On Fridays we focused on a life skill and different virtual tours. They learned different cooking and baking techniques, and took virtual field trips to museums around the world! We also used positive cartoons that taught them about their culture, making healthy decisions, and being a model student.

 

Holly: What were some of your favorite lessons to teach?

Marvanna:  I enjoyed teaching the students about masks and the history of masks. I created a mini presentation about masks following a lesson where we created our own shields with collages on them. I gave the students an insight to how masks have been used in our world for cultural, social, and fashionable reasons. I was able to connect it to how masks are being used now. I also enjoyed making our flashlight. In this lesson, we learned inside and out how the light works, how to connect the circuits, and ways to troubleshoot electricity issues. I also really enjoyed the curriculum we used as it was very user-friendly with detailed instructions.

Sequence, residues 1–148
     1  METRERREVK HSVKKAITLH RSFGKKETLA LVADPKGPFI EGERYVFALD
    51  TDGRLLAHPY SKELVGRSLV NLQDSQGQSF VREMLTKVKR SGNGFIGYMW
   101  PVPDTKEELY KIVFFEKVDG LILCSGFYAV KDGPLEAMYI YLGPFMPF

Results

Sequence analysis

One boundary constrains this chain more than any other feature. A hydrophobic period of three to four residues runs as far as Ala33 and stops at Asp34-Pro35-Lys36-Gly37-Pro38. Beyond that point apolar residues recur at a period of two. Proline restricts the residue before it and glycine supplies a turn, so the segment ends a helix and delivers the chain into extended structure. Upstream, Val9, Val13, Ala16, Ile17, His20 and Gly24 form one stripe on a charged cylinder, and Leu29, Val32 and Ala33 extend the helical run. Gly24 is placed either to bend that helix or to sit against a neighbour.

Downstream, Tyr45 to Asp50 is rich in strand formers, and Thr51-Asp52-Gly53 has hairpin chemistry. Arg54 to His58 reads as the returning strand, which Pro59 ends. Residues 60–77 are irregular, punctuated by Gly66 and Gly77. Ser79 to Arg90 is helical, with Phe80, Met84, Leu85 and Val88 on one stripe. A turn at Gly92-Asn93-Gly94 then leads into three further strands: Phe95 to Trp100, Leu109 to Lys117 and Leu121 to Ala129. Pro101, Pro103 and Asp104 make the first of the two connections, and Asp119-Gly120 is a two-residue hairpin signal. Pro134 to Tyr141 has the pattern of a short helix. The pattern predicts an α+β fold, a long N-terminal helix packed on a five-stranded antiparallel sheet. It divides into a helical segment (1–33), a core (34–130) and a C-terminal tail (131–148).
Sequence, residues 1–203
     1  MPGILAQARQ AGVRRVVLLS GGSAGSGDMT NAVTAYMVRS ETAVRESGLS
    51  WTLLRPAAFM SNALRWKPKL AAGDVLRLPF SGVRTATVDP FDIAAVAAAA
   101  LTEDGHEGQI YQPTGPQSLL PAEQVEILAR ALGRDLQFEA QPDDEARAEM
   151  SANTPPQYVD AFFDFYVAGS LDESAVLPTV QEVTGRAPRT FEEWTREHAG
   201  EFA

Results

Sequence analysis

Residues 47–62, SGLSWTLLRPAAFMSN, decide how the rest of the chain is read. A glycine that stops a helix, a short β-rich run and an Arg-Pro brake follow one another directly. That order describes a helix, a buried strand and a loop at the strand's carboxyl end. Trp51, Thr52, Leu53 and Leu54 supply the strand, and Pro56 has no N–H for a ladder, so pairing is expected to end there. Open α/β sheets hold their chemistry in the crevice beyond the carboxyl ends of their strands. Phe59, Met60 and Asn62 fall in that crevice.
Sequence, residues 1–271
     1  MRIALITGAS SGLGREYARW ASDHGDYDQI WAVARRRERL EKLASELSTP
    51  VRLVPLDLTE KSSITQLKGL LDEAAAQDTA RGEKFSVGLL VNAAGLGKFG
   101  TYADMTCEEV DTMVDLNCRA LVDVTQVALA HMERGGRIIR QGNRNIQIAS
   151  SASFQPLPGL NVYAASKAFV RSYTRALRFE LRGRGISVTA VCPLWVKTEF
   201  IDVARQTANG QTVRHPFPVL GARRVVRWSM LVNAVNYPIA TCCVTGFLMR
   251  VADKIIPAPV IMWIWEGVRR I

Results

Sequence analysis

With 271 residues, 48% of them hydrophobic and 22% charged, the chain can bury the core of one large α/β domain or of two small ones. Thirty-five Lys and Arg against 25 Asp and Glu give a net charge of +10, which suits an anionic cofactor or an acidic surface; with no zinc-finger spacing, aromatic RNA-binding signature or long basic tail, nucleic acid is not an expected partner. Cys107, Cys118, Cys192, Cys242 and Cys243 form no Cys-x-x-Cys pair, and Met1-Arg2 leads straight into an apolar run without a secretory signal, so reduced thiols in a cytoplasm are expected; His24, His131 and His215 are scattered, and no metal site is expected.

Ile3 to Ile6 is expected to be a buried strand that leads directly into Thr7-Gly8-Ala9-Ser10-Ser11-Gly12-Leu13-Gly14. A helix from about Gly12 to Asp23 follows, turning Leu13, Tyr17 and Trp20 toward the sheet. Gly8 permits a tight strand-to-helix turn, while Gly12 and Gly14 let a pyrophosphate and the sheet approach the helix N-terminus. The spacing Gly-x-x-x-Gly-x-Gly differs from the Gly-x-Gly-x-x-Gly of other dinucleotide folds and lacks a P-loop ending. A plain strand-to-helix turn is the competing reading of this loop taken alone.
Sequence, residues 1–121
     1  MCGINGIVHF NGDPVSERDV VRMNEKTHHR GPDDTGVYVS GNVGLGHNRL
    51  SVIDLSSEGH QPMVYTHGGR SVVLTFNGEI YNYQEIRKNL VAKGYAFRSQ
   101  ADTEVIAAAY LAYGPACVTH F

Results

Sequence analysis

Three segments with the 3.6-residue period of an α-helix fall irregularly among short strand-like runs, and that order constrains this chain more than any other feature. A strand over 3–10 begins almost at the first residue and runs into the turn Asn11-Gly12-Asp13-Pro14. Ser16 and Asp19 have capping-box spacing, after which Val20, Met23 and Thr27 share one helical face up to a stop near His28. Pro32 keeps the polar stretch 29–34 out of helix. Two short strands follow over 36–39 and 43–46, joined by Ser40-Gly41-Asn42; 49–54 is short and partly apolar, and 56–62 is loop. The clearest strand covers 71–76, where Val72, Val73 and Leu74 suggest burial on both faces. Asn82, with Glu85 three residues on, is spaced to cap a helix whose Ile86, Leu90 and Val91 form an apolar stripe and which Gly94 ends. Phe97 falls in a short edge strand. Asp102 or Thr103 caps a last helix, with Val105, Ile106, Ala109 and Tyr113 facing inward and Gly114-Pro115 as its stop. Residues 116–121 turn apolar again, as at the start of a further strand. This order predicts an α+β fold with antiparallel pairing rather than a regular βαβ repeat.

Holly: So looking ahead to the coming school year, what are the plans?

 

Marvanna: Well, since all Chicago Public School kids are doing online learning for this first semester, we’ll be providing online support, tutoring, and a homework helpline that allows volunteers to assist kids with academics. I’d also love to offer classes once a week that feature a speaker teaching about leadership training skills. I have some leadership and mentoring programs in place for a small group of boys and girls that will give them even stronger reasons to come to our program, be better people, and make connections to their lives outside of Sunshine. I want our students to receive credit for service learning hours if needed and more accreditation for participating in our programs. I remember when I was a part of programs like Sunshine in grade school that gave me a lot of meaningful experiences, and that many of those experiences were based on how the programs were designed.

The Wade-Henry family sent Sunshine a thank-you note for the great summer program.